By Gil Kaufman
It was 30 years ago today that former Beatle John Lennon was murdered by a crazed fan outside his home in New York. To mark that tragic event, fans around the world are planning commemorations of the singer's life and legacy on Wednesday (December 8), remembering his message of peace and love and paying tribute to one of the premier songwriters of the modern era.
As part of that celebration of Lennon's life, Rolling Stone magazine has devoted its final 2010 issue to a nine-hour interview the singer did just three days before his death on December 8, 1980. Select excerpts from the interview writer Jonathan Cott conducted with Lennon ran in a tribute issue put out by the magazine in January 1981, but the full talk sat on a shelf in Cott's closet for nearly 30 years.
"Earlier this year I was cleaning up to find some files in the recesses of my closet when I came across two cassette tapes marked 'John Lennon, December 5th, 1980,'" Cott told the magazine about Lennon's final print interview. "It had been 30 years since I listened to them, and when I put them on, this totally alive, uplifting voice started speaking on this magical strip of magnetic tape."
On the tapes, Cott found a Lennon who was still angry at fans and critics who had taken him to task for a five-year musical hiatus, during which the singer devoted his time to raising his son Sean with wife Yoko Ono and decompressing from more than 15 years in the intense media spotlight. "These critics with the illusions they've created about artists — it's like idol worship. They only like people when they're on their way up," he said. "I cannot be on the way up again. What they want is dead heroes, like Sid Vicious and James Dean," he added in an eerily prescient screed. "I'm not interested in being a dead f---ing hero ... so forget 'em, forget 'em."
With Bruce Springsteen then the face of rock's future, Lennon expressed fear that the Boss would fall victim to the same kind of pressures as he did. "And God help Bruce Springsteen when they decide he's no longer God. ... They'll turn on him, and I hope he survives it."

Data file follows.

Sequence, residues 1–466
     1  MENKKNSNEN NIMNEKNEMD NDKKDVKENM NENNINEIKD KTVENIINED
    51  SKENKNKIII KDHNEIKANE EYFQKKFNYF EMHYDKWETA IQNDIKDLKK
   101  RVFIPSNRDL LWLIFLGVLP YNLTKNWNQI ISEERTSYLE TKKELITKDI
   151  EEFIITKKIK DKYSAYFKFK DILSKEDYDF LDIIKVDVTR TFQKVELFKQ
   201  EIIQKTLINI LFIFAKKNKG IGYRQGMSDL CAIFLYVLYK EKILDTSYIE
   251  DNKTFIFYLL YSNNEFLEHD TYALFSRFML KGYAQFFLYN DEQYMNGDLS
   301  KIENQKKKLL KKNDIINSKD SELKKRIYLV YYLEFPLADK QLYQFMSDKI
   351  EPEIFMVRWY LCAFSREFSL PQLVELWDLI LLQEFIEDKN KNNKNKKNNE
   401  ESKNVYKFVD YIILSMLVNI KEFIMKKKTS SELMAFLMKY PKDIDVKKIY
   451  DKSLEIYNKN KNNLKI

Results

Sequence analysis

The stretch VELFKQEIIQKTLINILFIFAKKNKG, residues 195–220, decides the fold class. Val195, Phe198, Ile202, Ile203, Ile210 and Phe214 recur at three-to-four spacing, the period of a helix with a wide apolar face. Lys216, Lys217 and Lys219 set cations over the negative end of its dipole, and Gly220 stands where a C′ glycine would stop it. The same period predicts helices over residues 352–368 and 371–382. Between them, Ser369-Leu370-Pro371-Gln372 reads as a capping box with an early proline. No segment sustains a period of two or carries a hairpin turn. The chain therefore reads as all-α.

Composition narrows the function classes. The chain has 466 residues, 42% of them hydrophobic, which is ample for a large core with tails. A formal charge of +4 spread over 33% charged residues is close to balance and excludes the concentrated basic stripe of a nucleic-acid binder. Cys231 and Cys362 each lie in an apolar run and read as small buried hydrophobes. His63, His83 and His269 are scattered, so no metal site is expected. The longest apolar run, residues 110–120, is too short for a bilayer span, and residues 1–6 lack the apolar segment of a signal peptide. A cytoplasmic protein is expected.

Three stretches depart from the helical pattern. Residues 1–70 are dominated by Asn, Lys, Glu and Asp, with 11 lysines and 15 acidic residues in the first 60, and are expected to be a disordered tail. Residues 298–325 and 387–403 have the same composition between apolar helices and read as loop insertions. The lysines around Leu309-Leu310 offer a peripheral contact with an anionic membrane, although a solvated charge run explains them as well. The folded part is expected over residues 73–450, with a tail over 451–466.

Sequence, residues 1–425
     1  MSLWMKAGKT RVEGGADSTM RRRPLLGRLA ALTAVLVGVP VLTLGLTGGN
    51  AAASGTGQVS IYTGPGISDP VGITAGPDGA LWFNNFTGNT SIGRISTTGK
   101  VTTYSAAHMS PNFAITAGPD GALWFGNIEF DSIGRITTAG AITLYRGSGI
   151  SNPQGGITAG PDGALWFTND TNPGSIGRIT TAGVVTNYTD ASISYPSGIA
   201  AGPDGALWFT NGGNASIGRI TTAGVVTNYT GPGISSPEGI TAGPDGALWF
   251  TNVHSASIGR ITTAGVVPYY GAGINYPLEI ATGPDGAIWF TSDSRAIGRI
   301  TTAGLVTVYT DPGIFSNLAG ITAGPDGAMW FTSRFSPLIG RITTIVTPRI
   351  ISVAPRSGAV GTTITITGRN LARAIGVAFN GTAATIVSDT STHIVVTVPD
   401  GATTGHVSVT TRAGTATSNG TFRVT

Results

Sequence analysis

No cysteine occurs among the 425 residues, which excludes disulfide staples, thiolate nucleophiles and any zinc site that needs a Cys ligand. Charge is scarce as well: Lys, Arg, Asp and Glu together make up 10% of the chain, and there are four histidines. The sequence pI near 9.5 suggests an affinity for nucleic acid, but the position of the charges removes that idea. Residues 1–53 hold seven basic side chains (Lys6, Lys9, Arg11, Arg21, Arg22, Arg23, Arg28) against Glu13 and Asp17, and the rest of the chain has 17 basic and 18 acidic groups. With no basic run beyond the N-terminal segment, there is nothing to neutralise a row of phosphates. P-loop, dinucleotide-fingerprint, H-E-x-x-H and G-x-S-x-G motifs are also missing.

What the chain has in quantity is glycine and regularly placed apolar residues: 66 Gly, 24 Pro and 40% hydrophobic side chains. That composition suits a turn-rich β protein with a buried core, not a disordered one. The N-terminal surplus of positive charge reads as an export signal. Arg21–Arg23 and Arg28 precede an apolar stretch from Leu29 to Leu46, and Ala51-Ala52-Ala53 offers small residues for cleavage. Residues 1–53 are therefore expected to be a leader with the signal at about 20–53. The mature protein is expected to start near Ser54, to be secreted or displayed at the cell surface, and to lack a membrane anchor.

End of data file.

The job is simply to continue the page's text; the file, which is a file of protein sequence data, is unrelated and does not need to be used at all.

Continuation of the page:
Seemingly recharged after his hiatus, Lennon also contemplated going back out on the road to play some shows. "We just might do it," he said. "But there will be no smoke bombs, no lipstick, no flashing lights. It just has to be comfy. But we could have a laugh. We're born-again rockers, and we're starting over. ... There's plenty of time, right? Plenty of time."
In audio excerpts from the interview on Rolling Stone's website, Lennon laments, "I cannot live up to other people's expectations of me, because they're illusory," he said of his efforts to include positive messages of hope and togetherness in his music and the pressure to live up to his legacy. "Give peace a chance, not shoot people for peace ... I only put out songs and answer questions ... I cannot be 18 and a be a punk ... I see the world through different eyes. I still believe in love, peace and understanding, as Elvis Costello says."
At the time of his murder, Lennon, then 40, had just released what would be his final album, Double Fantasy. In excerpts from the Rolling Stone tapes, he discusses the musical hiatus he took before that time, going on at length about an electric guitar he had purchased before the Fantasy sessions and how it had never seen any "professional" work until he used it on the album. The ex-Beatle sounds at times reflective and whimsical when discussing the winding road he took back to music, while also hitting on a note of bitterness about the loss of innocence and privacy he's endured as part of the biggest band in music history.
Ono released a statement on Tuesday night in tribute to her late husband, telling fans, "On this tragic anniversary, please join me in remembering John with deep love and respect," Ono said. "In his short-lived life of 40 years, he has given so much to the world. The world was lucky to have known him. We still learn so much from him today. John, I love you!"